Racist direct provision system a time bomb for society

What we are witnessing now is what happens when governments refuse to lead

The silent protest walk in Oughterard, Connemara, in September against a direct provision centre at the former Connemara Gateway Hotel. Photograph: Joe O’Shaughnessy

By Una Mullaly of The Irish Times

For 20 years, successive Irish governments and the Department of Justice have pursued the racist, inhumane system of direct provision. This system has been opposed by human rights groups nationally and internationally.

It has made millions and millions for people who own hotels who are paid to house some of the most vulnerable people in our society. This system has been designed to be opaque, nebulous and hidden, and that design is also about making it hard to confront and hard to dismantle.

For a long time, direct provision has been yet another shadow in Ireland’s dark history of institutionalising people rather than caring for them. Hiding people away solves nothing. In fact, it increases the likelihood of something festering.

For Irish society, direct provision has also been a time bomb. Removing people’s autonomy, stripping them of their rights, enforcing poverty and further marginalisation was never going to work out well.

We are now witnessing what happens when governments refuse to face up to the fact that something is very broken, when they refuse to lead, and when they decide on intentional marginalisation as policy.

When something like affordable housing is so unattainable, people can start mentally organising who should be first in the queue

Racist systems beget racism. Across the country, we are seeing people opposing the housing of asylum seekers in their communities. People need to be listened to, because although direct provision is racist, and although racist structures are breeding grounds for more racism, not everyone opposed to a direct provision centre in their community is motivated by racism.

Some are, many are not. We know that far-right, opportunistic provocateurs are using this discontent as leverage for their own agenda and ideologies rooted in the demonisation of “the other”. That is a fact. It’s happening online, and it’s happening on the ground.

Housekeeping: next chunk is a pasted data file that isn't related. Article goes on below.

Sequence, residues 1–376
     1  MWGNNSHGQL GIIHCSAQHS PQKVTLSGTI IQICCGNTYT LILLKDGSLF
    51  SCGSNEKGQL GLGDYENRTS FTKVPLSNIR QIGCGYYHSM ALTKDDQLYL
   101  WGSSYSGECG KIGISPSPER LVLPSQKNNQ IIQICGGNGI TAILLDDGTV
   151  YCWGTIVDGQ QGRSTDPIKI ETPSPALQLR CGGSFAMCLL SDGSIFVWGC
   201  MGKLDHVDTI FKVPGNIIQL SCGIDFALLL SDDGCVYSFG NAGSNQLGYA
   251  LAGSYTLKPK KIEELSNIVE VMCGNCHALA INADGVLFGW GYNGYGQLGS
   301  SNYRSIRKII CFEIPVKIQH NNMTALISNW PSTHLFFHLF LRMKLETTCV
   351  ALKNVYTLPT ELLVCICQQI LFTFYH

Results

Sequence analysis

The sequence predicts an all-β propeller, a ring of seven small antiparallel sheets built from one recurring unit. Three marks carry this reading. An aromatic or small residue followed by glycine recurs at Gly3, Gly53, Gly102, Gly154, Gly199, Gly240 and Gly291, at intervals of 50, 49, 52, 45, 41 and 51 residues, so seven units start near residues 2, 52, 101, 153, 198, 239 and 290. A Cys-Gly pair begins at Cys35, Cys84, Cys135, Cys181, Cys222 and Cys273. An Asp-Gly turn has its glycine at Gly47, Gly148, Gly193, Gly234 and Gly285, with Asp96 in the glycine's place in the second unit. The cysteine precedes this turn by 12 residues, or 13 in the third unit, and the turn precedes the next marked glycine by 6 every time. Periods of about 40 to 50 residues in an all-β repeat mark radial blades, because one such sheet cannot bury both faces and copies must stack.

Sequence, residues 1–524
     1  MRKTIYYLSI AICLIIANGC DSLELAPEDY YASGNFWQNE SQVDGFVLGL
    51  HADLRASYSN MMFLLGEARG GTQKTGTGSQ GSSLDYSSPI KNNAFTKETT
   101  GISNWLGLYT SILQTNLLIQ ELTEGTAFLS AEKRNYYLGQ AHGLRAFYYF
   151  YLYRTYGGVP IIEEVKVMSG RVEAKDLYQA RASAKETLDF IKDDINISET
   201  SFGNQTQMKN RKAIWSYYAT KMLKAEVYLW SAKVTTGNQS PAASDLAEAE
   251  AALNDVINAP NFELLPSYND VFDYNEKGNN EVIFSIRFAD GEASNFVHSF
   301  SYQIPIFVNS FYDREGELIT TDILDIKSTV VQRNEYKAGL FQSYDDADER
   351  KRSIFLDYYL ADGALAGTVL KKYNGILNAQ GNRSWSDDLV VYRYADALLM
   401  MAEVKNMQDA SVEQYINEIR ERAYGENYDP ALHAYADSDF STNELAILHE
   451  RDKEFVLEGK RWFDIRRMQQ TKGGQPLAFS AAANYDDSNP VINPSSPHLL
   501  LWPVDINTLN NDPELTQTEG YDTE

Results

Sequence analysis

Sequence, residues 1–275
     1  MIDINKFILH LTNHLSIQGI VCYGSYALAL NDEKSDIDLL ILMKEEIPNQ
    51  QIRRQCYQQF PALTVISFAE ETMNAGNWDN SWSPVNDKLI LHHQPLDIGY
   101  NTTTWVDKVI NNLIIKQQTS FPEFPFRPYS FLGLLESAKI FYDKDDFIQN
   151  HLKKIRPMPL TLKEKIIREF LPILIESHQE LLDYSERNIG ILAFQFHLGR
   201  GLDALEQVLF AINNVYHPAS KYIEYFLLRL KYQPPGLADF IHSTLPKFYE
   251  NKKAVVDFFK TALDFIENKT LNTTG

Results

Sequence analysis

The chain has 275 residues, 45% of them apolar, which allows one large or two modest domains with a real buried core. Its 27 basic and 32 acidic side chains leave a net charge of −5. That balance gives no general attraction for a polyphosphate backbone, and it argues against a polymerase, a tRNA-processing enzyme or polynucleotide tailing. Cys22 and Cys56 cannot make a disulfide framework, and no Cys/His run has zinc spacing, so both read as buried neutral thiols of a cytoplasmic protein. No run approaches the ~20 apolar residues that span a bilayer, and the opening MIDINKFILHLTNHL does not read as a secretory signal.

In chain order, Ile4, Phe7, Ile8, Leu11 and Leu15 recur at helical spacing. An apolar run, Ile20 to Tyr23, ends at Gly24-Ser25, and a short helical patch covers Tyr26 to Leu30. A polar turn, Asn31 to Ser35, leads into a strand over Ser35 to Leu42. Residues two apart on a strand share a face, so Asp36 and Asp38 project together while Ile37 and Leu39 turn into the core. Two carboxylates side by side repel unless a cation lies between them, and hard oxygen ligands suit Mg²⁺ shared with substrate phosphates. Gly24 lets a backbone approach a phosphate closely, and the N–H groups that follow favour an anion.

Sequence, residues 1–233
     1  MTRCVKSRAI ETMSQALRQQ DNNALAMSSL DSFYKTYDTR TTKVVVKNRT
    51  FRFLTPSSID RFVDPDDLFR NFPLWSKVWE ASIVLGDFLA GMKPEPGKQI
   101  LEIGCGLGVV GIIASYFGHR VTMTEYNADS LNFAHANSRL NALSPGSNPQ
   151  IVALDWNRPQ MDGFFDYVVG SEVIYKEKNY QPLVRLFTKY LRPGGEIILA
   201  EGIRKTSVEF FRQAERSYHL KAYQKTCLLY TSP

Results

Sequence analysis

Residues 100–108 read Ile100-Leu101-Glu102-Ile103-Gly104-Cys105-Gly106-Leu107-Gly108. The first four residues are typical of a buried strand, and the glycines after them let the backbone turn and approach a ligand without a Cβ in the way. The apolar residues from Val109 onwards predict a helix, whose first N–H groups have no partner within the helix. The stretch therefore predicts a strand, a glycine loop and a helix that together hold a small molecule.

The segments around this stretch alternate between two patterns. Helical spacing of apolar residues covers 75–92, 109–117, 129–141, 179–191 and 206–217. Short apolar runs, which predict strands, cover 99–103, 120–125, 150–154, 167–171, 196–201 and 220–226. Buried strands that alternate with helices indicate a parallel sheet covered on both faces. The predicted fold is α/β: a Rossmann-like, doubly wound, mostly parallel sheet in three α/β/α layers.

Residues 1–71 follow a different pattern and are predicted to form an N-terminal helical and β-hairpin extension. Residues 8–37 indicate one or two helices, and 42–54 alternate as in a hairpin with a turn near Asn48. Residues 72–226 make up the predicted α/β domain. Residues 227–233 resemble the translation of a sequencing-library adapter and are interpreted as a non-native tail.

We know that some people protesting direct provision centres are opposed to the system because it is unfair. We also know that some people are using the vocabulary of inequality as a veneer to deflect their true motivations. Shouting people down won’t work.

We need to listen to everyone’s concerns, and weed out the disingenuous ones. We need to be mindful of what social media messaging we’re consuming, because our ideas are formed, they don’t just appear.

The direct provision crisis – and it is a crisis – has been exacerbated by the housing crisis

The “look after our own” mentality is a visceral argument, because there are plenty of towns, villages and communities in this country that feel – and are – left behind, under-resourced, devoid of opportunities, and with high outward youth migration.

While the majority of those who voted in our recent referendums were happy to extend equality of reproductive healthcare and marriage rights to others and to themselves, what happens when we’re constantly leaning on a sense of fairness in society, but when people leave the polling booth, that sense of fairness is not apparent in their own communities?

It’s not apparent in their job opportunities or rent prices or health services or public transport. The people who are protesting against direct provision may feel under attack, but the urge to personify that attack by targeting asylum seekers and refugees is a classic gravitation.